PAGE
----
He was no longer on Fourecks and couldn't hope for any help from any one else, as usual. In fact, if he even began to act as if he could still hope to have magical or godly assistance, or that he could actually live through this, the Wizzard had finally figured out, he would truly be doomed. If he started to think and act optimistically for once, he would die so fast that his head would still be spinning as it fell from his shoulders. Thankfully, things never got too good for him to have a chance to stop being so pessimistic, so he was in the clear, rather speak.
"Yet that still leaves me with the matter of being stuck in the middle of a desert, with nothing to eat or drink and without any hope of rescue," thought the Wizzard glumly.
The Wizzard may not have been the smartest of men, and certainly no the most courageous, but he wasn't stupid (or suicidal), and had he not had lived as long as he did by giving up and dying, so instead of giving up to his hopeless circumstances, he continued running, however fruitless an attempt he knew it was.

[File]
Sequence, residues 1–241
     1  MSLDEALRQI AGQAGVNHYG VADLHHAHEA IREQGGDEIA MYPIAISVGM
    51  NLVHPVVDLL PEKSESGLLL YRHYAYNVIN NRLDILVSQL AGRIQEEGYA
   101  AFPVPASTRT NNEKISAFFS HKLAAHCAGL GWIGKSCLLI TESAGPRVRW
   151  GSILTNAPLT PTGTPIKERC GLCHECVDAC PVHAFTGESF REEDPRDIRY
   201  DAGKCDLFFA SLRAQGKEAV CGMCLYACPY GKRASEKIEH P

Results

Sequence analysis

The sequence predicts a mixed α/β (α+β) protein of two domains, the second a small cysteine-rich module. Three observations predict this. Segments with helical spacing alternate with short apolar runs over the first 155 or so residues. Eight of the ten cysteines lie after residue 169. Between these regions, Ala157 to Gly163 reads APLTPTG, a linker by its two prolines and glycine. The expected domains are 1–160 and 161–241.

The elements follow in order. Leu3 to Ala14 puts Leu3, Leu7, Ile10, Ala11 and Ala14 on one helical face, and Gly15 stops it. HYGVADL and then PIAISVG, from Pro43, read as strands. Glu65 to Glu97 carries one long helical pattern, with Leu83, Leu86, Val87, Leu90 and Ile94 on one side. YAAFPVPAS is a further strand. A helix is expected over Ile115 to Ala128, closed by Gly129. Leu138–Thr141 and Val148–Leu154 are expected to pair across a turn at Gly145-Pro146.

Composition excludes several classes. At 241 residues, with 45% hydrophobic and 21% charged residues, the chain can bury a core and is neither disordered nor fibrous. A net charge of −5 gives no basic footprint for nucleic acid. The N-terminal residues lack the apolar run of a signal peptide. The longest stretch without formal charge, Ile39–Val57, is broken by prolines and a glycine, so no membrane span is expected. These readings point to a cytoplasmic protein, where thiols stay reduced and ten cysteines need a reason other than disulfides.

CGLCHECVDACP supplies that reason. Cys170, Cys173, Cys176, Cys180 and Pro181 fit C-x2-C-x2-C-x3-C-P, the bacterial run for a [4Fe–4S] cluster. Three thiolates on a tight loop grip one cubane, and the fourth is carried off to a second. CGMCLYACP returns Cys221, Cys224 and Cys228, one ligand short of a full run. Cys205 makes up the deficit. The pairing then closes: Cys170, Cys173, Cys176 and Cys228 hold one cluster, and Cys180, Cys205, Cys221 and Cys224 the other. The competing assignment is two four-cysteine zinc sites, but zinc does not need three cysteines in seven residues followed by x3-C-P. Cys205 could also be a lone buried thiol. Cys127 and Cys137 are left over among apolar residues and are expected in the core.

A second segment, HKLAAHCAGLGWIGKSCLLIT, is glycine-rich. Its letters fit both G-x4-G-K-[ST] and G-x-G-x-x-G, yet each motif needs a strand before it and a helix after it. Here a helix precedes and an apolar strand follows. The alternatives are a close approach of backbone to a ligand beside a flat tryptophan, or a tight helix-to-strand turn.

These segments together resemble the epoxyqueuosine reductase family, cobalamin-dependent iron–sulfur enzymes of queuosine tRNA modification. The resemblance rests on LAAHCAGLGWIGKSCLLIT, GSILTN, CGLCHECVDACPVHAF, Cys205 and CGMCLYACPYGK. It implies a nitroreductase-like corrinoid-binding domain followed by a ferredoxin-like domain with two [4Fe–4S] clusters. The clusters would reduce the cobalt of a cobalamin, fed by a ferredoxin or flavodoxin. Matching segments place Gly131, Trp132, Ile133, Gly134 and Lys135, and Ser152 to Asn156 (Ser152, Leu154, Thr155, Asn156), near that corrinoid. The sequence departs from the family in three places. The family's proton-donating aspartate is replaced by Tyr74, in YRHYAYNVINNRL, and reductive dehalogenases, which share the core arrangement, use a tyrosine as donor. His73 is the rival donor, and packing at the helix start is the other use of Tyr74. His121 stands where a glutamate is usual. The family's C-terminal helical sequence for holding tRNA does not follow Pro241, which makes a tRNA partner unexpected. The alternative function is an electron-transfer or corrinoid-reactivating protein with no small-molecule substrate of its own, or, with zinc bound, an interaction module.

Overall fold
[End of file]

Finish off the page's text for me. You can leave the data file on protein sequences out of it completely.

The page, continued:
The Wizzard ran and ran. And then ran some more. The gap between him and the desert-dwellers was shrinking all the time. Not for the first time, things were looking quite hopeless for the Wizzard. And, as we all know, the only time a hero or just the protagonist, can survive and win out the day, is when the chips are down, when there is no hope left, when the chances of victory are a million to one. And, on the Discworld, million to one chances crop up nine times out of ten…